Recently by Trash Talk
Fretex is a secondhand clothing chain operated by the Salvation Army. To publicise the store during Oslo Fashion Week they created a catwalk (called a runway in the trade) at a subway exit.
After all, the clothes people are wearing today will be the things they donate in the future; what you are wearing now is the coming Fretex collection.
Jelloware cups: you drink out of them, then you eat them.
The best way to cut your waste is to not use disposable items to begin with but, you have to give these people some credit for the sheer weirdness of this idea. They make cups out of jelly. Once you are finished with the cup you can eat it or compost it.
To try to reduce the amount of paper towels used in bathrooms Pete Kazanjy designed a simple sticker - and it worked.
Premier Waste have just published a briefing paper on the importance of soil organic matter. Soil organic matter is a key indicator of soil quality and is fundamental to the maintenance of soil fertility and sustainable crop production in the UK.
Waste and Resources Action Programme (WRAP) has published a study on the most effective way to collect recycling from households.
This study is not just essential reading for anyone who is designing a kerbside recycling scheme but will be of interest to anyone who want to see recycling on the increase.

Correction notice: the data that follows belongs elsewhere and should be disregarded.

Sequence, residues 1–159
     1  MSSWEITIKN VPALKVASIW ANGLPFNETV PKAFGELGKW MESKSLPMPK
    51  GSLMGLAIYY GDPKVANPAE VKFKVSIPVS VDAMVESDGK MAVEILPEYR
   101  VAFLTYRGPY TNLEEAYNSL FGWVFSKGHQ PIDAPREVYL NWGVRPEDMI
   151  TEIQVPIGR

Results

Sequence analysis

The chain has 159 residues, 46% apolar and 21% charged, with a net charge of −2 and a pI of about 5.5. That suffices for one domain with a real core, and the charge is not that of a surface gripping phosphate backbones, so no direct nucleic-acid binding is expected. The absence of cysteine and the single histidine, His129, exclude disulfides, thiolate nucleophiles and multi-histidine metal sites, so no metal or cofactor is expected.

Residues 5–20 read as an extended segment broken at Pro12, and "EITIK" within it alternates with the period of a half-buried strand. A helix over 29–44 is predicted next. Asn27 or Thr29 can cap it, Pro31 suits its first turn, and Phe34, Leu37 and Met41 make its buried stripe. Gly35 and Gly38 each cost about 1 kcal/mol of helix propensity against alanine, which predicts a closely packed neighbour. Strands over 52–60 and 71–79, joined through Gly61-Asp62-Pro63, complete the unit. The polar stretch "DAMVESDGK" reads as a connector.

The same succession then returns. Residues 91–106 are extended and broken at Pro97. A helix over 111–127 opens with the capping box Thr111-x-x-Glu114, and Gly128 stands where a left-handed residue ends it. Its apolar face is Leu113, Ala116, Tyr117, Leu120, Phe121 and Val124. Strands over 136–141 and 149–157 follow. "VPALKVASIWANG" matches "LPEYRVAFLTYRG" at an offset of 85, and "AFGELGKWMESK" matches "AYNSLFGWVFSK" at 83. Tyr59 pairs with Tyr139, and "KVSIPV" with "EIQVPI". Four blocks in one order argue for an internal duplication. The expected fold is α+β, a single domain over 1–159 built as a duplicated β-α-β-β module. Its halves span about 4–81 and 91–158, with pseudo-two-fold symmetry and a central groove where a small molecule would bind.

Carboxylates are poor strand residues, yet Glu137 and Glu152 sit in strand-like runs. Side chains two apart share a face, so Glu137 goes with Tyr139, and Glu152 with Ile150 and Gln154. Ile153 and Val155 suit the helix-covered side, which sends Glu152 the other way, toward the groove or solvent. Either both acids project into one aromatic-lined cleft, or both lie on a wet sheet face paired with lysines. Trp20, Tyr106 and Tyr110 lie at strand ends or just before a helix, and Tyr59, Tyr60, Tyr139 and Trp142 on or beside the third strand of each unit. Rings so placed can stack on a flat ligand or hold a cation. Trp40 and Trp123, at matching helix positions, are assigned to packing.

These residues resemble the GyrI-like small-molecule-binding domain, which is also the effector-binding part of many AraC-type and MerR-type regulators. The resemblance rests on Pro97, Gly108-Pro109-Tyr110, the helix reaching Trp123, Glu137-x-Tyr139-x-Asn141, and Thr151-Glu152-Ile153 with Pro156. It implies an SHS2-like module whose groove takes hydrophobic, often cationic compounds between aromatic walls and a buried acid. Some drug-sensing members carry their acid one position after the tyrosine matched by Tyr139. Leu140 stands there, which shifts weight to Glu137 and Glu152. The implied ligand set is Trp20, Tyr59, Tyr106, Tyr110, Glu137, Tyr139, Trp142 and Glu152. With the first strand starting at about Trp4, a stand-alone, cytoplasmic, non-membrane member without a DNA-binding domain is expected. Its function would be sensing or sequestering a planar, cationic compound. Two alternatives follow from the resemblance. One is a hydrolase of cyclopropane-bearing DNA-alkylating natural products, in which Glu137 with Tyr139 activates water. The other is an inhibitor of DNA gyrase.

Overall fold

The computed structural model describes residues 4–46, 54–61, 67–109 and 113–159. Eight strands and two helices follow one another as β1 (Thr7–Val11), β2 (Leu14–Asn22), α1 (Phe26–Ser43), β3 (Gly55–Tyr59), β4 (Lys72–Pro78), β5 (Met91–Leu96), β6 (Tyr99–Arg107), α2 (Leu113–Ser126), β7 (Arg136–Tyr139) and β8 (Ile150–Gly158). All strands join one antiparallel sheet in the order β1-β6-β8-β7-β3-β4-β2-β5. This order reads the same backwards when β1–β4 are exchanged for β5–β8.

One of Premier Waste's customers wanted advice on how to reduce the amount of food that it was sending to landfill, the food was fit for consumption so we put them in touch with FareShare.
The UK currently requires 212 million tonnes of oil and equivalents per year to sustain its manufacturing industry, agriculture, transport networks, schools, homes and businesses. In the context of recent news stories focusing on the environmental damage caused by the Deepwater Horizon oil spill in the Gulf of Mexico, and pronouncements that the world should be preparing itself for 'Peak Oil' - not so much an issue of oil running out but of global demand for oil to sustain our economies exceeding available supply - should the UK be preparing for a life without oil?
When I wrote a while ago about China banning various kinds of plastic bags the fact that they say it will save them 37 million barrels of oil a year completely passed me by.
Whenever we do a talk about waste and recycling to school children more often than not someone will ask: "Why don't we launch rubbish into space, rather than bury it?"
So why don't we blast waste into space?